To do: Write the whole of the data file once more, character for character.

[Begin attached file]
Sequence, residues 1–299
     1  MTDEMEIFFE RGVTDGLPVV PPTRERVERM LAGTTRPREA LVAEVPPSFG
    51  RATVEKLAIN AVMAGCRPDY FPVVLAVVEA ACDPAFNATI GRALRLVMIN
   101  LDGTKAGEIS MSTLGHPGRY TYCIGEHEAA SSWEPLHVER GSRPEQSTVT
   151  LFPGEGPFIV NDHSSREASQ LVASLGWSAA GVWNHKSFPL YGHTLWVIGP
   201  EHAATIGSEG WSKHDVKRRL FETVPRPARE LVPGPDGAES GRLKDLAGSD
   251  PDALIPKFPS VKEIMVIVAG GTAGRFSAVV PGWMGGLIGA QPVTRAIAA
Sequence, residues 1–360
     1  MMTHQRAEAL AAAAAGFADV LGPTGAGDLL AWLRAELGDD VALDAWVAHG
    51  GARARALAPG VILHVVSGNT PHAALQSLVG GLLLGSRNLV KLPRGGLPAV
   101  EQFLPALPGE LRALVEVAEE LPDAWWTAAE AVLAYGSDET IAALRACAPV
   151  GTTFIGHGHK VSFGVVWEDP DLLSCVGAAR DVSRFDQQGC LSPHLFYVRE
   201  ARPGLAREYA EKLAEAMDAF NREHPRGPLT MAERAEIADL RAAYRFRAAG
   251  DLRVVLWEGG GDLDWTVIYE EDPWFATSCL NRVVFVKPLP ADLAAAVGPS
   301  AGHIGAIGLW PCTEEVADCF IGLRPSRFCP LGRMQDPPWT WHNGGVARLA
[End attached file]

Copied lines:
Sequence, residues 1–299
     1  MTDEMEIFFE RGVTDGLPVV PPTRERVERM LAGTTRPREA LVAEVPPSFG
    51  RATVEKLAIN AVMAGCRPDY FPVVLAVVEA ACDPAFNATI GRALRLVMIN
   101  LDGTKAGEIS MSTLGHPGRY TYCIGEHEAA SSWEPLHVER GSRPEQSTVT
   151  LFPGEGPFIV NDHSSREASQ LVASLGWSAA GVWNHKSFPL YGHTLWVIGP
   201  EHAATIGSEG WSKHDVKRRL FETVPRPARE LVPGPDGAES GRLKDLAGSD
   251  PDALIPKFPS VKEIMVIVAG GTAGRFSAVV PGWMGGLIGA QPVTRAIAA
Sequence, residues 1–360
     1  MMTHQRAEAL AAAAAGFADV LGPTGAGDLL AWLRAELGDD VALDAWVAHG
    51  GARARALAPG VILHVVSGNT PHAALQSLVG GLLLGSRNLV KLPRGGLPAV
   101  EQFLPALPGE LRALVEVAEE LPDAWWTAAE AVLAYGSDET IAALRACAPV
   151  GTTFIGHGHK VSFGVVWEDP DLLSCVGAAR DVSRFDQQGC LSPHLFYVRE
   201  ARPGLAREYA EKLAEAMDAF NREHPRGPLT MAERAEIADL RAAYRFRAAG
   251  DLRVVLWEGG GDLDWTVIYE EDPWFATSCL NRVVFVKPLP ADLAAAVGPS
   301  AGHIGAIGLW PCTEEVADCF IGLRPSRFCP LGRMQDPPWT WHNGGVARLA